To vax or not to vax

What you need to know about the vaccines and a collection of student opinions.

by Grace Uhrain, Editor in Chief

Numerous cars move along a quick-paced vaccine line, vaccines go into arms, then cars driving into parking spaces in order to wait out the emergence of possible side effects. Across the country, people are signing up to get their COVID vaccines. Some go to mass vaccination events, while others hope to get an appointment. In Colorado, everyone over the age of 16 is now eligible to sign up for a vaccine as of April 2. 

Three vaccines are currently approved for emergency use in the United States: Moderna/Oxford, Pfizer/BioNTech, and Johnson and Johnson (J&J). 

The Pfizer-BioNTech and Moderna vaccines use mRNA, which creates programmed proteins to fight COVID, according to the CDC. These proteins, once activated, fight COVID because they produce antibodies. 

Unlike the Moderna and Pfizer vaccines, the Johnson and Johnson vaccine is a vector vaccine, which is a modified version of a virus, according to Mayo Clinic. Vector vaccines are commonly used for viruses, according to the CDC. While the Johnson & Johnson vaccine is 66% effective at preventing COVID with any symptoms, it is 85% effective at preventing severe symptoms.

The vaccine is designed to provide herd immunity, according to Health teacher Chrissie Marcilliat. 

“By definition alone, herd immunity speaks to a large population of individuals being immune from a disease,” Marcilliat said. “The COVID vaccine is designed to do just this. As more individuals become immunized, their risk of contraction goes down as well as their risk of severe illness and hospitalization.”

An article by Johns Hopkins University explains the testing process. COVID vaccines are tested continuously and are monitored by authorities.

“Vaccine Data Link (VSD) can analyze healthcare information from over 24 million people,” the CDC said. “Post-Licensure Rapid Immunization Safety Monitoring (PRISM) can analyze healthcare information from 190 million people.”

However, some adverse reactions have occurred. Swelling of the arm is common, and according to the CDC, the Moderna vaccine could have possibly contributed to vomiting and facial swelling in two people. 

“I just felt really sore, cold and extremely tired,” Sydney Bowman ‘21 said. “My arm was also really sore and it was hard to move it around for a few days.

Women have also experienced side effects pertaining to their menstrual cycles including heavy or irregular bleeding. Women have reported side effects from COVID-19, which gives insight into the vaccine side effects.

“A small study of 233 women of childbearing age with clinically diagnosed COVID-19 reported some menstrual changes,” Korin Miller of Healthline said. “Of the 177 patients with records about their periods, 25% had ‘menstrual volume changes,’ 20% had a lighter-than-usual period, and 19% had a longer-than-usual cycle.”

There is debate as to whether more serious side effects have occurred because of the vaccine, or if it was coincidence.

“The possibility that the vaccine contributed to the serious adverse event reports of rheumatoid arthritis (n=1), peripheral edema/dyspnea with exertion (n=1), and autonomic dysfunction (n=1) cannot be excluded,” according to the FDA brief for the Moderna vaccine.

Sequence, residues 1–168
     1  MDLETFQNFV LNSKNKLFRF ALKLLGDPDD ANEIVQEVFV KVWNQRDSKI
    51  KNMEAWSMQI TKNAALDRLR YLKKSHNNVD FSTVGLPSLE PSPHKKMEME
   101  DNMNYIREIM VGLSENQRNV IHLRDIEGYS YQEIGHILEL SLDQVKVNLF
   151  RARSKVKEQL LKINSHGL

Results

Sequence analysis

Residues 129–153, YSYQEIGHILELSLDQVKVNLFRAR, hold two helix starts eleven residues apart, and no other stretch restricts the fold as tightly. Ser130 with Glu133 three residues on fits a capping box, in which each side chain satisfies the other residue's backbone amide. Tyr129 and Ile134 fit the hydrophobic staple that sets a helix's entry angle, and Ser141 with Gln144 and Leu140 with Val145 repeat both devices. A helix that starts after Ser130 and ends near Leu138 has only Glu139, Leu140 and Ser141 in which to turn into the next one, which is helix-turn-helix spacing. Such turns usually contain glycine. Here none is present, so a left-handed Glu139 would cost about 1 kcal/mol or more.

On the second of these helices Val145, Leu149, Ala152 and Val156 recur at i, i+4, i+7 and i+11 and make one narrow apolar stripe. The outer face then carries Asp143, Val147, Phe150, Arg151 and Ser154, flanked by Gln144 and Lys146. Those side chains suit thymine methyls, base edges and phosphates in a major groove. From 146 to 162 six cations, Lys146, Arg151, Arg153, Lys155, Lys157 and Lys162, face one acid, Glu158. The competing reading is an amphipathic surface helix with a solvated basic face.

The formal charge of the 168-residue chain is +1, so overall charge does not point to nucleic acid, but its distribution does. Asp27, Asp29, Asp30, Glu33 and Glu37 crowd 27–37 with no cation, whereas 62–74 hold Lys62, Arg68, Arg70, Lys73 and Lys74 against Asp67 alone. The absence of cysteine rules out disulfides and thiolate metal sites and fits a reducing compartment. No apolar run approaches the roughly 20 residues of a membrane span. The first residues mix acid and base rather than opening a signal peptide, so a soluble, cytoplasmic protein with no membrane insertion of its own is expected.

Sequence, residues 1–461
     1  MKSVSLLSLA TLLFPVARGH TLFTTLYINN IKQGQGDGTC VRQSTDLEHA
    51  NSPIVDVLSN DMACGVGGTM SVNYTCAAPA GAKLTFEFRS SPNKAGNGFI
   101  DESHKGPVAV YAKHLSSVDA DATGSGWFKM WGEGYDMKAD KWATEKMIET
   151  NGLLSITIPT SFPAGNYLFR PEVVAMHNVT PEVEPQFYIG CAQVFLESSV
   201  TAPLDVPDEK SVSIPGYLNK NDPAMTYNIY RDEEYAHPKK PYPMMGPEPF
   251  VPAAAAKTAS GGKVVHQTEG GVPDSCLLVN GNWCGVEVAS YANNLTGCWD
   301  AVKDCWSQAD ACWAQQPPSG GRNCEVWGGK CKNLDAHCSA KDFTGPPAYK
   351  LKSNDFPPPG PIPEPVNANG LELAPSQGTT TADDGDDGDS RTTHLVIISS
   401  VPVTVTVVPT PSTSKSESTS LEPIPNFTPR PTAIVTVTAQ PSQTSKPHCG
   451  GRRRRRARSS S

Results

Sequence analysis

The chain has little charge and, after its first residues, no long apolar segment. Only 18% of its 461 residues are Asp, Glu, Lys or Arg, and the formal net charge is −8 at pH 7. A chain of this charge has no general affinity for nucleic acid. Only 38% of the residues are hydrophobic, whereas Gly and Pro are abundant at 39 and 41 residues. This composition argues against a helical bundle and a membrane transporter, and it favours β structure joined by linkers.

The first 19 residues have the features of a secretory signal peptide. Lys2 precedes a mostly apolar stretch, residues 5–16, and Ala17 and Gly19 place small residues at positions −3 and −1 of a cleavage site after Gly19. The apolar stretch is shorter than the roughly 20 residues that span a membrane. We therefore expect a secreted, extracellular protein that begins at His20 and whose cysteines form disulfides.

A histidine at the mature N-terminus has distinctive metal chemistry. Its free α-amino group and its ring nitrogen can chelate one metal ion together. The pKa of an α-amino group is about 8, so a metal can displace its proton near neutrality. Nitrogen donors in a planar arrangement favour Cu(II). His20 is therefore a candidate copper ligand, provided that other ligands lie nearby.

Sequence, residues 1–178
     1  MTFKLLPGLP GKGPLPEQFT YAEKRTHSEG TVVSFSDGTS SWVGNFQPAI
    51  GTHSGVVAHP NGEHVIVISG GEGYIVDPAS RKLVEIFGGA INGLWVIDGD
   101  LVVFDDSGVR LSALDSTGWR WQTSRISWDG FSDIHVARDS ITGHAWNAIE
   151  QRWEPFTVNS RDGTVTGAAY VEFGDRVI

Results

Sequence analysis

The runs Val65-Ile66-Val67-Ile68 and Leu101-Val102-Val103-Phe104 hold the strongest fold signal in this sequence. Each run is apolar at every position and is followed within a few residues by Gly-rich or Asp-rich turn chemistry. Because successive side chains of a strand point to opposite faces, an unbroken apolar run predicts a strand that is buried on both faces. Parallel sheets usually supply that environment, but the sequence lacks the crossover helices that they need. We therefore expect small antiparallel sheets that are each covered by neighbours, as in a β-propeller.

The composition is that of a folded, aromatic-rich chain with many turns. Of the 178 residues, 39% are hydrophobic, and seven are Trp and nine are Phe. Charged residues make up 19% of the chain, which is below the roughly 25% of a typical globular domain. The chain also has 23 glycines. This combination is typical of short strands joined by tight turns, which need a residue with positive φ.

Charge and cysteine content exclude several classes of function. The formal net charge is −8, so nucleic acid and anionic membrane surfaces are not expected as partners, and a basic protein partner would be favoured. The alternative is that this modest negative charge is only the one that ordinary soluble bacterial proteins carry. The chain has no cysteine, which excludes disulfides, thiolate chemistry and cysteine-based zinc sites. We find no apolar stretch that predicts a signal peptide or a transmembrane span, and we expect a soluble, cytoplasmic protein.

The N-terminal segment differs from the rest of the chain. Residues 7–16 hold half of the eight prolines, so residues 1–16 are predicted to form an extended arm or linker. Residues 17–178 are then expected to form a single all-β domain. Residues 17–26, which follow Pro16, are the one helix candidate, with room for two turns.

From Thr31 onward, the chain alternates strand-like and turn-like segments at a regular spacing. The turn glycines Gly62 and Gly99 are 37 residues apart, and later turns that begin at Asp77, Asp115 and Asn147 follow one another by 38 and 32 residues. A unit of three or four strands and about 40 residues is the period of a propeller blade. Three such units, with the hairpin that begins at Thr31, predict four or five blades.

Rheumatoid arthritis is an autoimmune disease that causes joint pain, according to Healthline. Common symptoms are swelling and pain. Peripheral edema/dyspnea is a combination of swelling of limbs and difficulty breathing, according to the NIH. Autonomic dysfunction is a condition that causes tachycardia and dizziness, along with other symptoms.

According to the CDC, there have been 3,848 reports of death after receiving one of the COVID vaccines as of April 27. However, the CDC says there has been no evidence to prove that the vaccine caused these deaths.

“CDC and FDA physicians review each case report of death as soon as notified and CDC requests medical records to further assess reports,” the CDC website said. “A review of available clinical information including death certificates, autopsy, and medical records revealed no evidence that vaccination contributed to patient deaths.”

The Johnson and Johnson vaccine halted in many places in the U.S. from April 13-27, according to the New York Times.

“Federal health agencies called for a pause in the vaccine’s use as they examine a rare blood-clotting disorder that emerged in six recipients,” New York Times reporters Noah Weiland, Sharon LaFraniere, and Carl Zimmer wrote. 

According to Pew Research, about 69% of Americans say they want a COVID vaccine once it’s available to them. 

“Vaccines are the clear answer to greatly assist in ending the COVID-19 pandemic,” Evan Sonin ‘22 said.

However, approximately 31% do not want to get a COVID vaccine. According to Vox, many of these people are afraid of possible side effects, while others do not trust the vaccine or how the government is promoting it.

The vaccine to me looks like an experimental drug that’s being peer-pressured onto us,” Andrew Woodring ‘22 said.

Others do not want to get the vaccine because of the amount of time it has been out.

“The vaccine has not even been out for 6 months and we have no idea the long-term effect it has on people,” Amanda McGruder ‘21 said. “We also have no knowledge on how it could affect so

meone with pre-existing medical conditions.”

However, Biology teacher Susanne Petri suggests getting a vaccine if you can.

 “I believe in the science of a vaccine, so I believe anyone who can get vaccinated should get vaccinated to protect both themselves and anyone who cannot get vaccinated for underlying health conditions,” Petri said. 

            If you want to get a vaccine, check this Colorado COVID website to find an appointment. 


Vaccine Infographic by Student Grace Uhrain